K9 Ballistics Deep Den Dog Bed

K9 Ballistics Deep Den Dog Bed reviewAnother K9 Ballistics option (mostly because I like the name!) for the nesters and snugglers of the house. The rounded oval design, high sides, and generous stuffing make for a comfortable sleeping spot for young and old dogs that like to curl up.


  • Size: Multiple Availableround indestructible dog bed
    • Small (24″ x 28″)
    • Medium (30″ x 24″)
    • Large (36″ x 28″)
    • X-Large (45″ x 38″)
  • Color: Black
    • Also available in lattice and green camo
  • Outer Material: 1680D Nylon
  • Inner Material: Unspecified
  • Chew Rating: 4/5 for bed chosen and reviewed

Overview: As expected, the Deep Dog Den bed was another well made product from a manufacturer determined to get their super-durable dog beds right.

The full perimeter wall allows the pup to be fully snuggled in without the annoyance of an opening.

The fluffy filling is soft and non-clumping, and the overall design can be tempting for committed chewers.

Tails Up (Pros): Rugged material and quality construction. Smaller sizes are machine washable; the X-Large size needs to be cleaned with a hose.

Tails Down (Cons): The interior lining may not hold up to extended digging – typical for nesters and snugglers. The overall design could be a chew enticement, especially the removable bottom pad.

Verdict: Although not chewed by my dogs, the removable bottom pad and high sides could definitely be chewing enticements.

Hugglehounds Chew Resistant TuffutLuxx Bed

Hugglehounds Chew Resistant TuffutLuxx Bed reviewOne more manufacturer of tough toys tossing their offering into the “unchewable” dog bed arena. The fashionable colors of their removable outer cover feature contrast quilted-stitching to give an extra classy look.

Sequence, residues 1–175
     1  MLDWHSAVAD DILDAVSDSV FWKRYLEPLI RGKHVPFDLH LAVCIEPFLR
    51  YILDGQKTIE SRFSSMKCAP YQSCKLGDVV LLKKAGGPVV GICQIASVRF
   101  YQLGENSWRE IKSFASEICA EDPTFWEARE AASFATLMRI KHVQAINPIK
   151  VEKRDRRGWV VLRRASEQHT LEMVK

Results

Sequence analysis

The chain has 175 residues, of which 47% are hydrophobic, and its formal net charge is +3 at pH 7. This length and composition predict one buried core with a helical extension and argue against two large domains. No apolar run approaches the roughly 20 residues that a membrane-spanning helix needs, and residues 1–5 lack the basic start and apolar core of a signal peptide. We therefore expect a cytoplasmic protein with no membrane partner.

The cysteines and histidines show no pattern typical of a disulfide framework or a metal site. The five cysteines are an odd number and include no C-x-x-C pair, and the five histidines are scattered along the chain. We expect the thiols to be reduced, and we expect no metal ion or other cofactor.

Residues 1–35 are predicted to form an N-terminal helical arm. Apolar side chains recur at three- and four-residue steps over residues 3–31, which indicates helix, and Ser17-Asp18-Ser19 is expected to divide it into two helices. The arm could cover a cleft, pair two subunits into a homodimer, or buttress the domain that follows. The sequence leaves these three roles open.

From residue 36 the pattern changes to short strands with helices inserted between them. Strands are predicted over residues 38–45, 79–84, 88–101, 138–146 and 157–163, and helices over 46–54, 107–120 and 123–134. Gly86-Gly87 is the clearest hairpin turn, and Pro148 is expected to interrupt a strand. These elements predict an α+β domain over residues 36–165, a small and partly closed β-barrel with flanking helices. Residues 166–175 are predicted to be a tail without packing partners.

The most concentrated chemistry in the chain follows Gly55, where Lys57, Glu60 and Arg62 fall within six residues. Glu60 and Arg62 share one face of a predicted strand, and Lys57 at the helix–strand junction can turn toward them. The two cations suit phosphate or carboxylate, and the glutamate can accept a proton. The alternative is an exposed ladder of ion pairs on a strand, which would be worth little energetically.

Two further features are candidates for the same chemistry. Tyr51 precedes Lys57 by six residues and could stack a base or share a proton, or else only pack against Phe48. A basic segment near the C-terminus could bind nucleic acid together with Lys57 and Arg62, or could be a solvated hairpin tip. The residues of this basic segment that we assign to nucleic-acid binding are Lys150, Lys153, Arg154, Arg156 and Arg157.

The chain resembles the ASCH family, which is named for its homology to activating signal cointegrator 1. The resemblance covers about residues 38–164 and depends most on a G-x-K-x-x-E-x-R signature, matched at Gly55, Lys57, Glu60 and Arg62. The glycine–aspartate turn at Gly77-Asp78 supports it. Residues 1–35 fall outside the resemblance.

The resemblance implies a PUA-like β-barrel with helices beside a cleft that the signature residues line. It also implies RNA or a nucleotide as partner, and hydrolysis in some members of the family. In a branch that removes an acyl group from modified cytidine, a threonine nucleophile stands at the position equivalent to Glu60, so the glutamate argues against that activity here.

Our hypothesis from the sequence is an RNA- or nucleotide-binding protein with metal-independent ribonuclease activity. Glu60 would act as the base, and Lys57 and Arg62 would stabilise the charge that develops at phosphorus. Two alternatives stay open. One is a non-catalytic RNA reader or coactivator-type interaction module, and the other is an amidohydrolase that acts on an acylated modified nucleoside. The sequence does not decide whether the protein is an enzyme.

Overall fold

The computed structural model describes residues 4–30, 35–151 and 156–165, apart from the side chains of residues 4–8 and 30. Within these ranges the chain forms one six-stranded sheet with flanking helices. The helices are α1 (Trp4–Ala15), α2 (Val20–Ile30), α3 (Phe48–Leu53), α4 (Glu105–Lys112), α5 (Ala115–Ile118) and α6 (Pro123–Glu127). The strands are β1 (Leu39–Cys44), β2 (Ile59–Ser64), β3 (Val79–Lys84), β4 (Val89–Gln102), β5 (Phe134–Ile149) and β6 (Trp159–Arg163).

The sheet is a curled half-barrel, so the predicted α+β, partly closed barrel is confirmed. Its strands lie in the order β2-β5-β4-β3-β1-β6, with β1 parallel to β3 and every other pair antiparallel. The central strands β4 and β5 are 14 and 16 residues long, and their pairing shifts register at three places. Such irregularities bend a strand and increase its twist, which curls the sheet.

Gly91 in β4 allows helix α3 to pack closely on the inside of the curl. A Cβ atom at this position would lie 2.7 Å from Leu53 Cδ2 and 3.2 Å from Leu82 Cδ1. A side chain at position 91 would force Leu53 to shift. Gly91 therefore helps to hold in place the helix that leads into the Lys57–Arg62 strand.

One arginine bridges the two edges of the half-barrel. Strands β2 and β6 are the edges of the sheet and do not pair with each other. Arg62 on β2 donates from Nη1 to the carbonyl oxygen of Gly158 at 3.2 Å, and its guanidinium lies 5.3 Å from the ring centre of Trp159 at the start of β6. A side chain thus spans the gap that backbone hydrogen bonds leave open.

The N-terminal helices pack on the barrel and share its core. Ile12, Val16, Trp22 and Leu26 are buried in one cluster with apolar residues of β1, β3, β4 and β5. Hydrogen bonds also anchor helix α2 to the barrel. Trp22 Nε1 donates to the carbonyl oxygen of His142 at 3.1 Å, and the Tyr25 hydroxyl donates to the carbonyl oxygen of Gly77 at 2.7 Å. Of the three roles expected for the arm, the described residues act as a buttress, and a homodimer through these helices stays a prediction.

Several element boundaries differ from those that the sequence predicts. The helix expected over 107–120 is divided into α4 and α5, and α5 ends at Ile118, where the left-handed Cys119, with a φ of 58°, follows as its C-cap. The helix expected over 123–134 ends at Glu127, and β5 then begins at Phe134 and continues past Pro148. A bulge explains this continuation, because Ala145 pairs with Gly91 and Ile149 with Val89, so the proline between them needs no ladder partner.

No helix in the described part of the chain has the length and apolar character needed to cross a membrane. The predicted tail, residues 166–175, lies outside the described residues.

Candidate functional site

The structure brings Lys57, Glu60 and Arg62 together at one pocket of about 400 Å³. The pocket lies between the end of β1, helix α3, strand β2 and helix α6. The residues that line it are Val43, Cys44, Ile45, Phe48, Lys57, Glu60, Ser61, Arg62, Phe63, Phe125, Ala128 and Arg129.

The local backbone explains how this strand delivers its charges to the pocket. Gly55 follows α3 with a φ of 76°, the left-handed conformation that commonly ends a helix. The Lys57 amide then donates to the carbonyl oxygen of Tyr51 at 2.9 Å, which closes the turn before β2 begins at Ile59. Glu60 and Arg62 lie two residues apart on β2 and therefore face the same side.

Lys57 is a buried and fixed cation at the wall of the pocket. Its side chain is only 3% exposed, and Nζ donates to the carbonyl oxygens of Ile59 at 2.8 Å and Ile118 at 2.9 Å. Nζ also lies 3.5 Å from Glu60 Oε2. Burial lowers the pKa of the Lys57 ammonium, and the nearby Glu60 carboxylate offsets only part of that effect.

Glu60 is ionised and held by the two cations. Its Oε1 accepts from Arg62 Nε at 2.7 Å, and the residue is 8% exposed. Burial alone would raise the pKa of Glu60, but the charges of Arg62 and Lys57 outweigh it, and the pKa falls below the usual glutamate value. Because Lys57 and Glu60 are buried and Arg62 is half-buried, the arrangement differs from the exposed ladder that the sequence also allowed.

The manufacturer touts their beds as “Abrasion resistance more than 6x higher than most tough chew dog beds”. With claims like that, it needs to spend some time with my chewer.


  • Size: Multiple Availableindestructable beds for dogs
    • Medium (36″ x 27″)
    • Large (42″ x 30″)
    • X-Large (48″ x 36″)
  • Color: Atlantic Night
    • Also available in Belgian chocolate and champagne
  • Outer Material: Unspecified nylon
  • Inner Material: Polyfill
  • Chew Rating: 4/5 for bed chosen and reviewed

Overview: Without a doubt, the Hugglehounds TuffetLuxx is a nice looking bed. The quilted stitching gives the nylon outer a little more of a softer feel, and the polyfill is fluffy and adequate.

The zipper flap is well stitched, although the zipper itself was stiff and snaggy.

Advertised as waterproof, only the inner cover held up to water balloons.

Tails Up (Pros): Nice looking bed sure to go with any décor, comfortable and sturdy. Held up well enough to canine tug-of-war.

Tails Down (Cons): Although only one of the dogs chewed through (can you guess which one?), the threads snag and rip easily when pawed; this can lead to weak areas that will tear.

Verdict: Not a bad bed at all, although it fails to meet the high expectations that come from their lofty claims.

Bottom Line

We’ve looked at just a sliver of the “indestructable” dog beds on the market, and K9 Ballistics are a clear forerunner overall – although the DogBed4Less was our clear winner for their chew-proof orthopedic design, overall construction, and bang for your buck.

Unless constructed out of chainmail, no dog bed is truly indestructible for a committed canine.

Also bear in mind when choosing a bed that each dog is different, and their chewing needs are just as varied – and their toys will give you a good indication of construction material that are the better choices.

For example, if you use old jeans to make chew and tug toys for your pup – what do you think will happen to a denim bed?

You definitely get what you pay for – but before dropping several hundred dollars on a bed, do a little price shopping. Also, check your local pet store; an afternoon spent trying out beds could go a long way to choosing the best one for your pooch.